Prutsen is such a lovely word. It’s Dutch, and it was once used a lot by us. As in, “What have you been doing for the last two hours?” “Oh, just prutsen.”
A loose definition of prutsen is to putter or potter or tinker, or otherwise waste time by making unnecessary changes. It’s doing something of little significance that looks like work but really isn’t. It’s sort of pretend work that can help to successfully avoid real work. It’s entertainment and relaxation all rolled up in one.
Some of us can pruts for hours, rearranging things like the desk, the plants, spice rack, cutlery drawer, etc.; thereby putting off more useful tasks like paying bills, cleaning out the refrigerator or organizing year-end tax files.
I don’t know when, but somewhere along the line we lost the simple pleasure inherent in prutsen. And I think we should bring it back. Sometimes a mind just needs to graze…
A few weeks ago I wrote about the list of ingredients for joy and meaning that Dr. Brené Brown’s family came up with. They were surprised to discover that the way they were living their lives was contrary to the way they wanted to be living, so they made changes. They cut back the hours they were working, limited extracurricular activities, got more sleep, more play, and made more time to just hang out.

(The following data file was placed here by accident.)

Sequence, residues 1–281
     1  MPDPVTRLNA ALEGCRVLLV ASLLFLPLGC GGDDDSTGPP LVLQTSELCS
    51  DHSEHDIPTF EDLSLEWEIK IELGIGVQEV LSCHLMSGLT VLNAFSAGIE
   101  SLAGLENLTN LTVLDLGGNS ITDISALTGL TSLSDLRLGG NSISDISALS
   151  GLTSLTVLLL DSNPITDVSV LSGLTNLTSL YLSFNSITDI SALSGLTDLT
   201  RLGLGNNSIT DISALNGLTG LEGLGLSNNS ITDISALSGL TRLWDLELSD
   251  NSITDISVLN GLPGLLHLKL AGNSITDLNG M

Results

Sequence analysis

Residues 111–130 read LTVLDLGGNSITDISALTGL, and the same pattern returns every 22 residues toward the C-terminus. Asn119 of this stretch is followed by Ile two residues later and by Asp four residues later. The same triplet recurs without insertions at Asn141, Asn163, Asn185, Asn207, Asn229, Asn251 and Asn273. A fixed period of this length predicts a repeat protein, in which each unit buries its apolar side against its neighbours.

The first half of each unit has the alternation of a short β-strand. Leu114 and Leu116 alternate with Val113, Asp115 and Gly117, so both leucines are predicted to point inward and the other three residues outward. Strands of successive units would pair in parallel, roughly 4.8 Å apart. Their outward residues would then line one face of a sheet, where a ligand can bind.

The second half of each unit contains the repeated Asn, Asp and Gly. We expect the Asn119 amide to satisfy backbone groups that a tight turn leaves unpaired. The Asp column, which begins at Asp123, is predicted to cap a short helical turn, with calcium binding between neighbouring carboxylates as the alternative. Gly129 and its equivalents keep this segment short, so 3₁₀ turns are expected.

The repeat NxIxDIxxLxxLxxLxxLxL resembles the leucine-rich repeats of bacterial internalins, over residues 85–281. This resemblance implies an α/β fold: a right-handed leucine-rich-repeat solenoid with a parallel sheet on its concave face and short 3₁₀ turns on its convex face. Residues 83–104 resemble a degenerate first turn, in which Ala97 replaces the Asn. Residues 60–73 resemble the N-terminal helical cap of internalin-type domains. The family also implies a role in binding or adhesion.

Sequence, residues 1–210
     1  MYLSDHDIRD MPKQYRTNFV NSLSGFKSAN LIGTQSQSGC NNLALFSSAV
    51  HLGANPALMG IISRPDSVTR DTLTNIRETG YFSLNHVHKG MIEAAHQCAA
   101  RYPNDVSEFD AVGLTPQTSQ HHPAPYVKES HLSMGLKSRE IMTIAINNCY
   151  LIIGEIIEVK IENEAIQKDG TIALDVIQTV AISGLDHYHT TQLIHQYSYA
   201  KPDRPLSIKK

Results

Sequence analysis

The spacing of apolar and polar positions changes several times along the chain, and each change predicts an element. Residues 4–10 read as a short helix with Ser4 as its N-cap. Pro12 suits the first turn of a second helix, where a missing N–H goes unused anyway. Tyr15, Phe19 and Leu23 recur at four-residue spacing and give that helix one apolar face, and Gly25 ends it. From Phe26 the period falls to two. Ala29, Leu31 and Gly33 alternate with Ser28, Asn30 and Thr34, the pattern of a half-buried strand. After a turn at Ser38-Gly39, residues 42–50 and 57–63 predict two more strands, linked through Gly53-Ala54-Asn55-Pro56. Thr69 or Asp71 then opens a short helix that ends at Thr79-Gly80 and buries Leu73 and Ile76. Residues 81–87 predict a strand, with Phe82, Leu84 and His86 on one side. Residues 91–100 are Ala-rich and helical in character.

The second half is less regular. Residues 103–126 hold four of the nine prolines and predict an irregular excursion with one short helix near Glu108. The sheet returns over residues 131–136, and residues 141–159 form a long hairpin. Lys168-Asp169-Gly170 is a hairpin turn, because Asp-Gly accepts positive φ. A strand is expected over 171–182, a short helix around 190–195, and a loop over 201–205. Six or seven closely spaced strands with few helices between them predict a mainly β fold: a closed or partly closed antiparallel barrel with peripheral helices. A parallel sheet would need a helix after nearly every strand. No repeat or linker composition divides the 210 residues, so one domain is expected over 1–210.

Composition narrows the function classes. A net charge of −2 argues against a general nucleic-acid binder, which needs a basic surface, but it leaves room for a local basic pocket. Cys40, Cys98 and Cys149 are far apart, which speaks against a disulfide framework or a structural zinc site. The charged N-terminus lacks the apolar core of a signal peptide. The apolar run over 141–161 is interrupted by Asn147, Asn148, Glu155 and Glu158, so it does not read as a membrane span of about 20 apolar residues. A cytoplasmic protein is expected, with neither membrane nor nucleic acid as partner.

Jess and I started something similar. I say “started” because we are still a long way from our ideal, but we are definitely making progress. Here is a partial list.
This is a long-overdue thank you to North County Cancer Fitness (NCCF) for all their assistance last year.
In January 2016 I learned that a cyst on my kidney which we’d been monitoring since my initial breast cancer diagnosis, had suddenly gotten huge after 2-1/2 years of no change at all. There was a very distinct change in tone from my surgeon, now sure that it was cancer because of the rapid growth. Because it was so large, they would have to temporarily remove most of my organs to get it all, and supposedly it would be a very long recovery period because of this.
I had recently read a magazine article I can’t locate now about the usefulness of “pre-hab”, rather than waiting for re-hab. It totally convinced me that going into this surgery in the best possible shape I could possibly be, would pay off in a really big way. And I asked if NCCF could support my pre-hab. They were happy to do so, and handled all of the set up on my behalf!